Worcester’s premier college-preparatory co-ed day school serving students from Central MA and MetroWest, Pre-K–Grade 12
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MS Head's Blog

Mr. O in his 2nd floor office on a dress-down day

In the Middle of It All

Middle School Musings by Trevor O’Driscoll, Bancroft's Head of Middle School

Most weeks, MS Head Trevor O’Driscoll writes a short note to parents and faculty about middle school, education, parenting, and other topics relevant to our community. We share these Middle School Musings here for the benefit and enjoyment of all who are interested. Read recent entries, browse the archives, and delight in Mr. O’Driscoll’s take on our Middle School and the amazing people who inhabit it.

 

 

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Authentic Learning Through Make-Believe

Last week my new Communications Intern, sixth grader Nora G., finished this video titled “A Day in the Life of a 6th Grader.” What’s a sixth grade "Communications Intern” you ask? The short answer is I made up the position because I realized I’d be a fool not to capitalize on the multimedia talents of Nora to help share stories from Middle School. And I’m not alone in my pursuit of creating opportunities for students through make-believe.

It may surprise you to learn that the best teachers, in an effort to meaningfully prepare their students for the real world, often play versions of make-believe. This may seem like a counterintuitive way to prepare kids, particularly those who have moved on from Lower School, for what they will encounter beyond Bancroft. But employing the art of make-believe, particularly in the form of authentic assessment, a term coined in the late ’80s by folks at the Coalition for Essential Schools, is a powerful way to engage kids in meaningful and sticky learning.

Authentic vs. Traditional Assessment

You may have previously heard the term authentic assessment in connection with teaching and learning and wondered what it really meant. Authors and educational leaders Grant Wiggins and Jay McTyghe, in their impactful book Understanding by Design, describe authentic assessment as being based upon “engaging and worthy problems or questions of importance, in which students must use knowledge to fashion performances effectively and creatively.” The authors assert that such assessments should mirror the kinds of problems faced by adults in their work and lives. The road test that’s part of a driver’s exam is an authentic assessment.

Traditional assessments, a term used to describe the kinds of content-driven tests and quizzes that likely are very familiar to anyone reading this, evaluate a student’s knowledge base and potential gaps in understanding that need to be remedied in the march to mastery. Mastery, in turn, is most engagingly evidenced by an authentic application of the knowledge or skill learned. With traditional assessments, like a multiple choice test, knowledge and skills can be demonstrated by a student within a context that oftentimes is detached from the real-world application of the knowledge or skill being measured. The written portion of a driving exam is a traditional assessment.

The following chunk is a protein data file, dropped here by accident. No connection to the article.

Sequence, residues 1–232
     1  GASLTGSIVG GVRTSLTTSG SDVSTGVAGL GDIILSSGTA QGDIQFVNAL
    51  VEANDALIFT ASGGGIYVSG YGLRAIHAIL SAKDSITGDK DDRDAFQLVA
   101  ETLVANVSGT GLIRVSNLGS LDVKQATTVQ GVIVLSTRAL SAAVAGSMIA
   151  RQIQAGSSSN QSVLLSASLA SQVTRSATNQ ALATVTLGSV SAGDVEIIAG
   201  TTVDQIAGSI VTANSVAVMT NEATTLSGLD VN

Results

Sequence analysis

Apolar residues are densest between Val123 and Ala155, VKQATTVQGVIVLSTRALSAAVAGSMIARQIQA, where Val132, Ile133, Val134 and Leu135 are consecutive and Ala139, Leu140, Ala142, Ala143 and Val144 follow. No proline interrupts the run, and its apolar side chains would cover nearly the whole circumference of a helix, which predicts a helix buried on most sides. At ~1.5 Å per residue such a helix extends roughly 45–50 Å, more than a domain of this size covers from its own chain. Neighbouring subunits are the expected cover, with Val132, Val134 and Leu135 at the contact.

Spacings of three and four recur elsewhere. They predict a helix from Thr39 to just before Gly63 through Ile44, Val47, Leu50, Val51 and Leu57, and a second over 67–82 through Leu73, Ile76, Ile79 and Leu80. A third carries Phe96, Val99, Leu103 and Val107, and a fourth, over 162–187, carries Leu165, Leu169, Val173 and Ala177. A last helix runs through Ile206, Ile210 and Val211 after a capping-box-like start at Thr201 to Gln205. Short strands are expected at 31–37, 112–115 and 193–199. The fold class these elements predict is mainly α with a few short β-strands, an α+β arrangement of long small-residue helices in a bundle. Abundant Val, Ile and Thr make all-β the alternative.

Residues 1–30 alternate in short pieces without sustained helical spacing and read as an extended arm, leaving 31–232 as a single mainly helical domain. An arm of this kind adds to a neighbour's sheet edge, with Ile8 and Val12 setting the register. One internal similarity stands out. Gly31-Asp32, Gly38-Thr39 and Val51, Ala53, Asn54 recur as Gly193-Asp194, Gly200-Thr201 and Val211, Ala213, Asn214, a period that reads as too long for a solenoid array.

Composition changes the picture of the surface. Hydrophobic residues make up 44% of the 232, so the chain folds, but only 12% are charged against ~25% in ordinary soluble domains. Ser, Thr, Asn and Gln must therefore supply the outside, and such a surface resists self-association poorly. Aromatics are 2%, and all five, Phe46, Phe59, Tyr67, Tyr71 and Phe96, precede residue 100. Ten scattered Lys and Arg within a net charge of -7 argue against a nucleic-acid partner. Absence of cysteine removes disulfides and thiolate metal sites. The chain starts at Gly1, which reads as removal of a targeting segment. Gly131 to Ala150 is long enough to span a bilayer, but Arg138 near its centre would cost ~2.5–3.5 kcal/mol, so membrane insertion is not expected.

While there is no doubt that well-designed authentic assessment opportunities must be a prominent and increasingly dominant driver of what happens in our classrooms, there is very much a place for traditional assessments in our modern curricula. Talented teachers use a mix of both, relying on authentic assessment not only to engage students, but also to drive curriculum. Designed well, an authentic assessment should be the thing that propels what students learn. When Bancroft middle schoolers were designing our still under-construction outdoor classroom, which is carved into a hill, they needed to understand the principles behind and formulas that can determine the slope of the hill’s incline. A quiz about slope can tell a teacher which students know the formula for slope, and this knowledge is a key ingredient in the work. Ultimately it’s the actual building of a usable classroom — and how it is judged by the public via its functionality, aesthetic qualities, rate of use, and more — that are the true, real-world stakes that drive the learning. In this example the understanding of slope serves a larger, real-world purpose.

Next time you see a student preparing for a criminal trial in English, solving the budgetary woes of a fictional city in math, or collecting and analyzing DNA as a scientific researcher, imagine all the learning that led up to the authentic assessment. And consider how the art of make-believe often can create the most valuable learning experiences for our kids.

Posted by Trevor O'Driscoll in Assessments on Thursday January, 11 at 07:46PM
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